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USTelecom Petition for Ruling that ILECs Are Non-Dominant in Switched Voice Services

12.19.2012
Petition

USTelecom Petition for Ruling that ILECs Are Non-Dominant in Switched Voice Services

Pursuant to Section 1.2 of the Commission’s rules, the United States Telecom Association (USTelecom) respectfully files this petition requesting that the Commission issue a declaratory ruling that incumbent local exchange carriers (ILECS) are no longer subject to dominant-carrier regulation under the Commission’s rules.

The Commission in the Universal Service Reform Order emphasized the importance of reforming “outdated” regulatory mechanisms “established long before competition emerged among telephone companies, cable companies, and wireless providers...” The Commission went on to conclude that “the system is eroding rapidly as consumers increasingly shift from traditional telephone service to substitutes including Voice over Internet Protocol (VoIP), wireless, texting, and email….”

Today, there are likely more households that have chosen to “cut-the-cord” and subscribe only to wireless service than there are households that subscribe to a switched-access service provided by an ILEC. And within the next year, the number of households being served by an interconnected VoIP service will surpass the number of households subscribed to an ILEC switched access service.

These statistics are merely the most obvious manifestations of a profound and accelerating technological and societal shift away from “plain old telephone service” (POTS) offered over the legacy public switched telephone network (PSTN) to IP-based services offered over fixed and mobile broadband networks.

In recognition of these facts, the Commission has focused significant resources recently on preparing for the demise of the PSTN – a notion that is fundamentally at odds with the continued treatment of ILECs as “dominant” when offering switched access voice services. Indeed, the Commission has established a policy goal of modernizing its rules in order to “accelerate the transition from circuit-switched to IP networks, with voice ultimately one of many applications running over fixed and mobile broadband networks.”

While the Commission has recognized this transition in several contexts, many of its regulatory paradigms continue to be based upon the idea that the PSTN still constitutes a monopoly platform for the delivery of voice services. But the evidence is clearly to the contrary. Indeed, since its peak around the turn of the century, the number of ILEC switched access lines has fallen at least 50%, and continues to decline; and ILEC switched access minutes of use have dropped by more than 70%, all despite an increased population. These connections have not just disappeared. Rather, they have been displaced by wireless and VoIP connections. Indeed, today only about one-third of American households purchase an ILEC switched access service. In contrast, approximately 40% of U.S. households have “cut the cord” and rely entirely on wireless for their voice service. In short, the share of consumers continuing to subscribe to ILEC switched-access services is considerably less than that which led to the finding of AT&T non-dominance in the long-distance market, as well as the Commission’s recent order finding that cable companies are no longer dominant on a nationwide basis in the MVPD market.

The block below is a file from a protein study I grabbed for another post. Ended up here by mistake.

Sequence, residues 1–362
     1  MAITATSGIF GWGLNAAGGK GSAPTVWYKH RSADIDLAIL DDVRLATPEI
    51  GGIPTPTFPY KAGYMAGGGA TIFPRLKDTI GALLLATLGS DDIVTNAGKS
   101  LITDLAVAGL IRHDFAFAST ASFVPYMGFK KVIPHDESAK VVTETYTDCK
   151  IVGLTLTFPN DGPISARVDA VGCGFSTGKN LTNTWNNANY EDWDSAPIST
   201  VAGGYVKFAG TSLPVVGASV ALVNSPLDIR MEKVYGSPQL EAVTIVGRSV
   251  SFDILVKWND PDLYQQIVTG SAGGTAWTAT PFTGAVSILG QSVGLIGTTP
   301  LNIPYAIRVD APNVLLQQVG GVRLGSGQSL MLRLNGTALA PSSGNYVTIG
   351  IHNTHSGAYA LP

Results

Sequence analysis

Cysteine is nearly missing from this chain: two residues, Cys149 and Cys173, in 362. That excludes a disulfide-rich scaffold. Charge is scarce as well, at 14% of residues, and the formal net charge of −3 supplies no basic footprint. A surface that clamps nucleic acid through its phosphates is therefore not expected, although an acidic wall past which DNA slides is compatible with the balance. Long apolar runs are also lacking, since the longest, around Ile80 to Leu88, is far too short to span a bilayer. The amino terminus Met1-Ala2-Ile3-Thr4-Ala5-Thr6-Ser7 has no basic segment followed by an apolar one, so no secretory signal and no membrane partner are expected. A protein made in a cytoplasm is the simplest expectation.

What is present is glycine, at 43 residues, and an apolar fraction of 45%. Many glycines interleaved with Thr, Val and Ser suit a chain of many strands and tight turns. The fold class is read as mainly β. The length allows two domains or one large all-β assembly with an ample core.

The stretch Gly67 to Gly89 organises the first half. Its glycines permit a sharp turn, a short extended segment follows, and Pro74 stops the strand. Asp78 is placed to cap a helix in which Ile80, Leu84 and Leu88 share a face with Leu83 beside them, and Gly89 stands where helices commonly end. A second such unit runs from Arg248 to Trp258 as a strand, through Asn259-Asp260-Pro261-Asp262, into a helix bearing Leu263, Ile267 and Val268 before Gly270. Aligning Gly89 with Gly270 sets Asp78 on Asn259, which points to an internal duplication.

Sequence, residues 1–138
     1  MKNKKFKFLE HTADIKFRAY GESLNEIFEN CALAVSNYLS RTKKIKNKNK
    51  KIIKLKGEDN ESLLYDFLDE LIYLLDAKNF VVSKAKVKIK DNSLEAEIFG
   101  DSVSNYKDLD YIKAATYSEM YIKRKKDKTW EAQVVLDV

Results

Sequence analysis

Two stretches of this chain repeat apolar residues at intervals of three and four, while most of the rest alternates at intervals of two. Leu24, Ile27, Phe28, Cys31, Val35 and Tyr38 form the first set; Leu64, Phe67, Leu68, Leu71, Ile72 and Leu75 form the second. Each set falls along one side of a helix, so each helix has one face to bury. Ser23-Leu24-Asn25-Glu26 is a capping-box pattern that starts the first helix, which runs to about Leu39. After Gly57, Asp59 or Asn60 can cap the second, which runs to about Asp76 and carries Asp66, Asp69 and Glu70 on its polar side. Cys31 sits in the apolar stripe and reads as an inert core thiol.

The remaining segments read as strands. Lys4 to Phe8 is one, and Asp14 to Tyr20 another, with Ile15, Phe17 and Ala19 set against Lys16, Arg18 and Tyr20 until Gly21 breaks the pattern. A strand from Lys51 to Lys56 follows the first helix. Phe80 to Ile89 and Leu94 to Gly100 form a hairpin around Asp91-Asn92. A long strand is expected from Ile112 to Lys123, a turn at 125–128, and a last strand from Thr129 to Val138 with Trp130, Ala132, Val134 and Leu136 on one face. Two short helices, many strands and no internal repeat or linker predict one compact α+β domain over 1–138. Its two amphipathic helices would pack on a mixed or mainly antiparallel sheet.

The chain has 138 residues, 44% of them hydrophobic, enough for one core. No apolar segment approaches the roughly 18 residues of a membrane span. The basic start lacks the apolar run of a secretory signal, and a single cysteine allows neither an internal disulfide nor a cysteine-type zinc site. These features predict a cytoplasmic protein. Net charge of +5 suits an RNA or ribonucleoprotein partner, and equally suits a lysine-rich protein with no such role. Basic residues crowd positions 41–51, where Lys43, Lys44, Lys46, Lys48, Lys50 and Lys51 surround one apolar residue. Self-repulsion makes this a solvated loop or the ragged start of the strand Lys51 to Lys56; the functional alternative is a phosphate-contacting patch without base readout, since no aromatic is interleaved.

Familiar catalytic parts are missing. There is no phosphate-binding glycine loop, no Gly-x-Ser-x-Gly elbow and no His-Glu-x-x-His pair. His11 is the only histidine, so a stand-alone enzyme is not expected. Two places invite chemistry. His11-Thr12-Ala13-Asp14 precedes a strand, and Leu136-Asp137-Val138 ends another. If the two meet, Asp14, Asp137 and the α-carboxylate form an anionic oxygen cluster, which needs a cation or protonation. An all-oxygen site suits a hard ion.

Not only can such an imbalanced regulatory scheme no longer be justified, its continued enforcement by the Commission has significant negative public policy consequences. As the number of consumers choosing to retain ILEC PSTN connectivity continues to decline – by more than ten per cent a year, according to the Commission – the costs of complying with these anachronistic regulations are spread across fewer and fewer consumers, proportionately increasing the burden on those consumers that remain on the legacy network. As the Commission itself has recognized, this situation is not “sustainable.”

And more importantly, the continued failure to adjust outdated regulatory models to reflect the rapidly changing communications landscape is inhibiting the transition to all-IP networks by reinforcing incorrect market signals and forcing limited investment capital to be directed to last century’s communications infrastructure at the expense of new technologies. At the same time, this backwards-looking approach undermines the Commission’s ability to tailor its public interest obligations in a manner that takes full advantage of these new technologies.

In short, POTS provided by the ILECs is only one of many options available to meet consumers’ demands for communications services, and an option being chosen by a rapidly declining minority of consumers at that. In this context, it simply no longer makes sense as a matter of economics or public policy to continue to treat ILECs as dominant in the provision of switched voice telecommunications services, and thus the switched access services component of those voice services. Accordingly, the public interest would be well-served by a clear declaration from the Commission stating what it has implicitly acknowledged in other contexts – that ILECs are no longer in any way “dominant” when providing voice services over their traditional switched access networks. This petition is not requesting the deregulation of switched access, but rather is requesting regulatory parity in this area between LECs.